Thursday, March 1, 2012

The Fine Print

When I wrote my research proposal last semester, I attempted to anticipate occasions when departing from the plan would be appropriate.  These exceptions, included in my proposal, are listed below:
  • If we were unable to find a reasonably balanced diet within 100 miles, we could expand our local range - first to 150 miles and then to 200 miles - to meet our basic dietary needs.
  • We could also extend our local range in the same manner to accommodate our preference for organic produce.
  • On Valentine's Day, we would treat ourselves to dinner at the Harvest Moon Grille, a restaurant that serves food grown within 100 miles of Charlotte.  We would not obsess over the details, such as whether the food was cooked in non-local oil or seasoned with non-local spices.
While our diet has lacked variety and expanding our mileage slightly would score us apples, peanuts, and peanut oil, we have opted to maintain the 100 mile radius.  However, on two occasions we have inadvertently strayed.  Both times we were shopping without a detailed map to show each and every small town within 100 miles, and we purchased food from vendors 115 miles away, even though we could have found the items (dairy and sweet potatoes) within the 100 mile range.  Oops!

The good news is that we have found eating within 100 miles to provide a reasonably balanced diet.  And, although we still prefer organic produce, we have been satisfied with the farming methods described to us by the farmers we have encountered.  Some are certified organic.  Many use organic methods without going through the hassle and expense of certification; others say they use low spray methods.

However, you can bet your sweet potato that we did enjoy a most scrumptious dinner at the Harvest Moon Grille for our Valentine's celebration.  We were only a few days into the 100 mile experiment, and it was just the boost our spirits needed.  Our charming waiter Pete took exquisite care of us, and owner and head chef Cassie Parsons was both interesting and interested in our experience.  As suspected, most of their food comes from a 100 mile radius, much of it from within 40 miles, but the restaurant does use oils, spices, coffee, and chocolate that are non-local.  We were forced to enjoy all of the above, as the three-course Valentine's meal included everything from soup through dessert.  My main course was rabbit ragout without the rabbit - pasta with a savory tomato and carrot based sauce.  I highly recommend it!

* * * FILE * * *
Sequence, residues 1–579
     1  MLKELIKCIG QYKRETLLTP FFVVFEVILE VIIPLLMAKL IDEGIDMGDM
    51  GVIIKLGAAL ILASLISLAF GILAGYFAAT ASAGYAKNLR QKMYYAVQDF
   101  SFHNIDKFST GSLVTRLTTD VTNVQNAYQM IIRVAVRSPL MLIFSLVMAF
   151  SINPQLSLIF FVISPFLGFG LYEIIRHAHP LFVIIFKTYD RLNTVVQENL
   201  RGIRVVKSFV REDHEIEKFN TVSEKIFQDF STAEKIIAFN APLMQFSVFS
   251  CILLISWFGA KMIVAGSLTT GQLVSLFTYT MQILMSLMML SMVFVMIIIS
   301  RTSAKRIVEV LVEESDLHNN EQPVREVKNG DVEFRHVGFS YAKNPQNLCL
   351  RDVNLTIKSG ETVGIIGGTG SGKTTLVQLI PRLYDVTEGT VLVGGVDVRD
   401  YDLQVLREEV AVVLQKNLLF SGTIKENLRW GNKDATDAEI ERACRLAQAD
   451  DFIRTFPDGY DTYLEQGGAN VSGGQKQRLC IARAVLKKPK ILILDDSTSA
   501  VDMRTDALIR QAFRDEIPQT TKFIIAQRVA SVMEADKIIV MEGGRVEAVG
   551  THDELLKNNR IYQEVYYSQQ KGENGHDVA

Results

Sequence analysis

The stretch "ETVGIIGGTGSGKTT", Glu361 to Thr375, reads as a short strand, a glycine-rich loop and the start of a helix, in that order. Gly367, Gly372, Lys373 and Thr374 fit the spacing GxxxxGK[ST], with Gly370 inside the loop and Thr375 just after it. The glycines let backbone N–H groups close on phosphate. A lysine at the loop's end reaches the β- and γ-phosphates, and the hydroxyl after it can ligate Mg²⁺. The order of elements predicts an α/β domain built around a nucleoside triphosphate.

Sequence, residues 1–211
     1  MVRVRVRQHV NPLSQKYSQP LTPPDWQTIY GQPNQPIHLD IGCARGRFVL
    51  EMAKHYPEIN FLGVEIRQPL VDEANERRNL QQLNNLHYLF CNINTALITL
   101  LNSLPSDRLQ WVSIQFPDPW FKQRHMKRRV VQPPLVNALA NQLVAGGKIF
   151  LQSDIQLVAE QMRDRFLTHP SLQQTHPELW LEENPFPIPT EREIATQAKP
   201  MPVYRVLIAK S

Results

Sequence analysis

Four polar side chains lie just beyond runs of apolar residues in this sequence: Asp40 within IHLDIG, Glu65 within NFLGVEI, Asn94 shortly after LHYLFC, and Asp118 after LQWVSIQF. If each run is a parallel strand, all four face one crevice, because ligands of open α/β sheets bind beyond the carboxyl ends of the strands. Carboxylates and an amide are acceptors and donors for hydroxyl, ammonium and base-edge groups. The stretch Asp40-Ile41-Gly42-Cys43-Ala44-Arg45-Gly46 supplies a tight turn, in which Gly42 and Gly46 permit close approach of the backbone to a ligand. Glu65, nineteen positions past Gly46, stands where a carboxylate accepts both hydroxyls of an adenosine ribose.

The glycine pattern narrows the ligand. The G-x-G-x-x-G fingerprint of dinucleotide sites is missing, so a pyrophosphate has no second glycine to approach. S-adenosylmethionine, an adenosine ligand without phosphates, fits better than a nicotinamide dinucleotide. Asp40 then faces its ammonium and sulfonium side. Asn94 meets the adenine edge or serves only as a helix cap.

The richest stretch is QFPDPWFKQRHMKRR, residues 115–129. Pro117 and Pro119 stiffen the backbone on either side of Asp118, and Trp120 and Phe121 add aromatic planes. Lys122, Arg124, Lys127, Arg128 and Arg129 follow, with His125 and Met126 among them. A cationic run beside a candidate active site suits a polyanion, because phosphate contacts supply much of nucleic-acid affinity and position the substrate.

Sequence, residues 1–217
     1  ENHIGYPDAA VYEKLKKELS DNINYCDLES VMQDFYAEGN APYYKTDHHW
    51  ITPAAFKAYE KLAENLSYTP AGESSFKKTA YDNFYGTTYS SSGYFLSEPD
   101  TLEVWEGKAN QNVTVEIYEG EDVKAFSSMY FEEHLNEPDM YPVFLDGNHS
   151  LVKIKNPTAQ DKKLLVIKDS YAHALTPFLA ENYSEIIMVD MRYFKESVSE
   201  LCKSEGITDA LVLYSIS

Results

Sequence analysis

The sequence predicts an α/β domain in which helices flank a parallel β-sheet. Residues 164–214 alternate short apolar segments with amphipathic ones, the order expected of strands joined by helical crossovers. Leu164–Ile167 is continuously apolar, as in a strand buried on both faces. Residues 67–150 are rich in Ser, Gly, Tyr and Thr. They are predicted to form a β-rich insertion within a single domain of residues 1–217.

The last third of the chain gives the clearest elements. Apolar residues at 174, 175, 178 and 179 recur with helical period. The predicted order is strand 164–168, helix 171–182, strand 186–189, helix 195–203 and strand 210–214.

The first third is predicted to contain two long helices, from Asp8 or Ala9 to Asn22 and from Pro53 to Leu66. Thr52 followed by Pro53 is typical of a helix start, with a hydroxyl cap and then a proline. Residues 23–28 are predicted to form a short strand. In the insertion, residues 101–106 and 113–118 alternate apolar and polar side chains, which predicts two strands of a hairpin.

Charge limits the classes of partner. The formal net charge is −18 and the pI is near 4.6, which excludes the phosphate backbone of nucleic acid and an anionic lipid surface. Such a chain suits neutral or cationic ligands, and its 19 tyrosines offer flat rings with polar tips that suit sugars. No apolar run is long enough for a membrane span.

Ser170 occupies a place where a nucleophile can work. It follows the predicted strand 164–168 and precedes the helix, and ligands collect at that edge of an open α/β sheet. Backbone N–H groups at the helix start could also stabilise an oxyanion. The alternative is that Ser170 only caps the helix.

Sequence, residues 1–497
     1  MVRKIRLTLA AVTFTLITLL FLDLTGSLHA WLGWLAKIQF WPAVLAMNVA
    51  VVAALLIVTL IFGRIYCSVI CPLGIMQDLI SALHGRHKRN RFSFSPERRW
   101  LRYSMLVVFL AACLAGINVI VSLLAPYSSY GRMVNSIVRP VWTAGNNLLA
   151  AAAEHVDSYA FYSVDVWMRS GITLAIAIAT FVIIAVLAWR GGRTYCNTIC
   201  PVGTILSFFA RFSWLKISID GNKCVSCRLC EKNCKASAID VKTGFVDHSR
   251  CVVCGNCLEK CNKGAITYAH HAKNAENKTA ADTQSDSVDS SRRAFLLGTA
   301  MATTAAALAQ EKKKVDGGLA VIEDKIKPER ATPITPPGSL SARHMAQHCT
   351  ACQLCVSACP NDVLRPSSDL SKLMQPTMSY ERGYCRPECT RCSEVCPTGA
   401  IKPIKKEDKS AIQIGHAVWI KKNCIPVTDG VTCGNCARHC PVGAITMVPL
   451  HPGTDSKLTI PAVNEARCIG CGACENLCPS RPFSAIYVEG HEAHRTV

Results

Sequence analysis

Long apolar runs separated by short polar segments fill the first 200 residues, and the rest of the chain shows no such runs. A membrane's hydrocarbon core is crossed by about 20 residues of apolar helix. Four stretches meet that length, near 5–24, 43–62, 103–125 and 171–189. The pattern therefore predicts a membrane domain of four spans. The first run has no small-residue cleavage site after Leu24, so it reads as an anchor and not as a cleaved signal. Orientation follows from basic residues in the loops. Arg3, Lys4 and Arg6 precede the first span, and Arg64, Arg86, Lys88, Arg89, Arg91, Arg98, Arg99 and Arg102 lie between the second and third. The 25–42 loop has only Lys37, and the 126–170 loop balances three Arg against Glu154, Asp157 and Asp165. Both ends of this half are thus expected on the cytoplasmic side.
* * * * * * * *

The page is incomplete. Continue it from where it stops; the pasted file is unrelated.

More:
We have made one exception that I did not anticipate.  I was invited to attend's National Leadership Summit in Minneapolis February 24-27, which was an opportunity not to be missed.  I easily decided that packing a suitcase full of local North Carolina food was not going to work, nor would I have time to source and prepare local food from Minnesota.  This required us to suspend our 100 mile experiment for a few days, and the simplest solution was to extend our end date by a few days to make up the difference.

While in Minnesota, my menu options were limited to the food provided at the conference and available in the airports.  But I did consume ice cream, pizza, chocolate, and coffee during my trip.  I'm not going to lie, the ice cream was really good.  But, overall, I did not find any of the food particularly wonderful with two exceptions.  The caterer prepared a delicious eggplant dip that rocked my world.  Also, the group had dinner out at Gandhi Mahal, an Indian restaurant owned by a Bangladeshi man.  That is the meal I will fantasize about for the remainder of our 100 mile challenge.

While I was away, Joselle suspended her diet too.  She indulged in some of her favorite junk foods, like potato chips, ice cream, chocolate, Papa John's pizza and cinnapie, but found that they were just not as delicious as anticipated.  Bummer.  The oranges and apples did not disappoint, however, and she savored every bite.  She also attended a cooking class at Harvest Moon Grille.  The single most exciting thing that happened over the weekend was that she found dried peaches, more pecans, and, most importantly, fresh greenhouse grown strawberries at the farmers market.  Hello, Smoothies!

No comments:

Post a Comment